So, to all developers out there today, we strongly recommend that you take a look at your web pages and websites and implement the A level criteria ASAP. From there you need to move into the AA level. Finally, going to the AAA level should be implemented as feasible to prevent loss of revenue due to boycotts and facing legal action from its user community.

A bit of criticism on our part

While the guidelines are indeed, a great step forward in allowing people to access the Internet. However, when attempting to implement the criteria and even though we wish to follow it. There are many difficulties when attempting to understand the technobabble & legalese with which the document is written. The explanations are overly complicated and difficult to understand. This is even more evident when you attempt to implement the AAA criteria into actual practice. It is hoped that the W3C will take it upon themselves to take the document and rewrite it in a form that can be understood and implemented much easier by the web developer community.

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Important criteria to start with

Images

 One of the first things you need to address is the use of pictures as eyesight problems can prevent people from seeing them. For this, you need to add “Alt” and “Title” attributes to all images you’re putting into your web pages. If you are using WordPress, you can also use the “Description” attribute as well.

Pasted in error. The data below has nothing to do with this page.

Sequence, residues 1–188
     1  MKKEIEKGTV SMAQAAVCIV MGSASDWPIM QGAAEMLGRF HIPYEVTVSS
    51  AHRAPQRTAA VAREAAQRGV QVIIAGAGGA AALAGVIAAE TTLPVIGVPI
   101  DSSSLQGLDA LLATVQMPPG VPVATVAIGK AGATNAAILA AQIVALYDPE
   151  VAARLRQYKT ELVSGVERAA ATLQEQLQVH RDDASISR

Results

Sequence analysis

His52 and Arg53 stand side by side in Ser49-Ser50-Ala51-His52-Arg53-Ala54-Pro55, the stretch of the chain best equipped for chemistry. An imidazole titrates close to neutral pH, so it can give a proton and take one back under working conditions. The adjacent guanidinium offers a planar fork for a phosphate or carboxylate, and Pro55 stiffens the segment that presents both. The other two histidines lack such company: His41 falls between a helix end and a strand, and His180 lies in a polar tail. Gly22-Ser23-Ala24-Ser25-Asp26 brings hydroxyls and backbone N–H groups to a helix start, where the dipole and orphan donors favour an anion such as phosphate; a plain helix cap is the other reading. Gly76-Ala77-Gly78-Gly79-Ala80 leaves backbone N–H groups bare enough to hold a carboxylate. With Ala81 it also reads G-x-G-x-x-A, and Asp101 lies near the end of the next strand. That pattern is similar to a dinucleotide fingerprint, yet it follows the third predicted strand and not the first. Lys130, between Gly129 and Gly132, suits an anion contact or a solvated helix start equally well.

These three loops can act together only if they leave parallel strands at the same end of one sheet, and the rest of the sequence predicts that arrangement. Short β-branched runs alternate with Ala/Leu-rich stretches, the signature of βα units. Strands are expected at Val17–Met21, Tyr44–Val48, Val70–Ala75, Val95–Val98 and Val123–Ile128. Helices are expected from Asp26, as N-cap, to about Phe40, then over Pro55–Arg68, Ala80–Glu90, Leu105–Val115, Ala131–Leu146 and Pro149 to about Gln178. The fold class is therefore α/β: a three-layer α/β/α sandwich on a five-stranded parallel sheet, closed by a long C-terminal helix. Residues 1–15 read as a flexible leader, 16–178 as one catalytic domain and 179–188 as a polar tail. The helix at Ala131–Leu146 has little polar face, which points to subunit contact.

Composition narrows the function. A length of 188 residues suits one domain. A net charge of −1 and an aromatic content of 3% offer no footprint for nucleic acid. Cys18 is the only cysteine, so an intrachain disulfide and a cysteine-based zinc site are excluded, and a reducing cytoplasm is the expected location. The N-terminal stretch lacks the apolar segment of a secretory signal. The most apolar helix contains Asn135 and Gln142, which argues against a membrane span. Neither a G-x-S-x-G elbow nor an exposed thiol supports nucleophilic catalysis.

Video/Audio

 subtitles need to be added so people with hearing disabilities can enjoy them too. This will be a very serious impact on YouTube and Amazon’s twitchTV or any other site that uses embedded videos.
Links- make sure is possible to navigate any links on your web pages using the keyboard (TAB and SHIFT+TAB) and that there is a focus when a link is marked. This will help those with sight impediments or motor problems who have difficulty in using a mouse to be able to use their keyboard. 

Text

 for those with I decide impairments and have trouble reading your text, you should give them the ability to increase or decrease the font size. This should be done in a way that allows them to increase the original font size to at least 2 times the current one that you’re using for normal text. Another thing you might want to consider is changing the font itself that makes it more easily legible.

Website’s color

provide the medicine with the ability to change website colors, contrast, and brightness. For example, some people find it easier to read a web page on a reverse screen where the letters are white on a gray or black background.

Web standards

use both HTML and CSS strict markup semantics when you develop your websites and web pages. In this manner screen readers, will tell the users precisely whether there reading a headline, table, list, and any other element that you’re using. This is very important that people are using electronic reading devices such as the visually impaired.

If you are developing using WordPress, you are in luck as most of the accessibility features are available as plug-ins and this simplifies the process of you becoming compliant with the minimum amount of effort.